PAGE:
Courtesy of Lily D'Amato
Last weekend the Dionysus Disco hosted its first ever Angel Ultra Fest, a two-day music festival featuring nine experimental, hip-hop, R&B artists, and house DJs. Artists included DJ Macro, SiDAKA, Tama Gucci, Staysie Atoms, Blake Saint David, Sydfalls, TWEAKS, baby.com, and Yesterdayneverhappened — the venue’s first lineup from outside of Oberlin in an in-person concert series since March 2020. Angel Ultra Fest was the brainchild of College third-year Courtney Brown, and the festival featured performances at both the ’Sco and afterparties at student houses, featuring a dizzyingly talented roster of performers from all over the country.
Brown wanted the ’Sco’s first show back to be memorable, so they introduced the idea of a festival, saying they were inspired to reach out to all artists on their own.
“I do have co-workers at the ’Sco,” Brown said. “But this was kind of just my festival, my project.”
Brown is from Chicago, and they decided they wanted part of the event’s lineup to hail from their hometown.
“I knew two of the artists already, and I really like their music,” Brown said. “The other two [from Chicago] I didn’t know personally, but I’ve liked their music for a long time. I would definitely say they are some of my favorite artists at the moment.”
SID, the lead rapper of the Chicago-based hip-hop jazz band SiDAKA, reflected on how rare it felt to participate in a lineup like the one at Angel Ultra Fest, especially with COVID-19 back on the rise.
“It felt amazing to be surrounded by that many artists, me being who I am and [them] who they are,” SID said. “And to see the world right now — it kind of made me look around and appreciate this moment that was going on. To see a lot of smiling faces, people dancing, I felt so grateful to be there. Courtney did an amazing job.”
Memphis rapper Staysie Atoms, who played an hour-long set for the first time in her career, greatly enjoyed the Oberlin campus atmosphere.
“The environment and the vibe were unreal,” she said. “Oberlin is like the 2000s college campus of my dreams.”
Unfortunately, the performers’ did experience one caveat to achieving the full-force Oberlin experience — Oberlin’s freshly reinstated indoor mask mandate exerted some limitations.
Though both artists enjoyed themselves, they did feel constrained by their masks, which were required following the College’s reinstatement of the indoor mask mandate.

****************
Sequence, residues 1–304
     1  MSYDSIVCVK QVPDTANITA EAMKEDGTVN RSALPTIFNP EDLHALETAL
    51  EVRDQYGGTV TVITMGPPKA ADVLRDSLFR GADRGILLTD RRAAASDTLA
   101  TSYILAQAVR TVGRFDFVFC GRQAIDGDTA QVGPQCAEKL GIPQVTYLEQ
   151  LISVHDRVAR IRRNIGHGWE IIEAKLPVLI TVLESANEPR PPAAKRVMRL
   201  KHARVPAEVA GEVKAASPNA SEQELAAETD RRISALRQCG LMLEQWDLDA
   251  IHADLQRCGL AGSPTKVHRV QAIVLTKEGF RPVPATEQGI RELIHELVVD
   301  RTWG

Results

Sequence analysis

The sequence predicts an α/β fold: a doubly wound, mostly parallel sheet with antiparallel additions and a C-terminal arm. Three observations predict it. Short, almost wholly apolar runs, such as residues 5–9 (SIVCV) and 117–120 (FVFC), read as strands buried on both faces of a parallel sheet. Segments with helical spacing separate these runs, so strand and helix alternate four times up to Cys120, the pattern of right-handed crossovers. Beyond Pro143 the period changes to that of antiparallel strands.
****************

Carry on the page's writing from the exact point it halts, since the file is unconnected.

“The mask does take away from the visual representation of who we are and how I’m performing certain songs,” SID said. “That’s part of our music, you know? It’s harder to connect with people. Our bassist Jackson, he makes these jazz stank faces, and we want the audience to see those super crucial facial expressions.”
Atoms also found that her mask stunted her ability to connect with the audience; it shortchanged the physicality of her performance.
“It’s just hard to keep that stamina, because I want to show my face and look people in the eyes and get them to really flow with me,” she said. “It was hard to keep my breath, so I just felt a little distracted.”
Unfortunately, Brown says the mask mandate affected turnout as well.
“[Masking] was definitely a big boundary,” they said. “I feel like a lot of students didn’t come. I think that it was a barrier.”
College third-year Joaquim Stevenson-Rodriguez both helped organize the festival and also performed with Oberlin alumnum DJ Macro at one of the afterparties. He said that it’s hard to determine how masking impacted turnout as this was the ’Sco’s first concert since last spring; there isn’t really a norm to compare it to.
“I still thought there was great turnout, but I was a little surprised at how few people came to the actual shows,” he said. “The afterparties were much bigger but definitely a different crowd. I think masks were a part of that.”
Unfortunate as the mask mandate’s timing may have been, both Brown and Stevenson-Rodriguez were very pleased with Angel Ultra Fest’s energetic atmosphere and genre-bending lineup.
“People seemed to have a really great time,” Brown said. “I had people come up to me the day after and say they really enjoyed it. Everything went according to plan, and all the performances were really good. I know a lot of the artists prepared new songs specifically for this show, and all of them were so interactive with the audience.”
For Stevenson-Rodriguez, the thrill of the event was in the music and technical skill exhibited by many of the performers.
“Honestly, it was so good,” Stevenson-Rodriguez said. “It was just one amazing set after another. Each one was so different, but they all worked very well together. It was electrical out of the trunk stuff and then hip-hop and then some funky stuff. My mind was totally blown by all the mixing, their transitions — just insane stuff.”
Similarly to Stevenson-Rodriguez, SID left the festival with a deep respect for his fellow headliners and an appreciation for the work put into the lineup’s realization.
“I don’t know how many times I can say it, but that was such a good group of artists,” SID said. “I mean, the diversity of DJs along with the singers and our band. I don’t know; it ain’t easy. It ain’t easy bringing this lineup together. It was just really cool; Courtney was amazing.”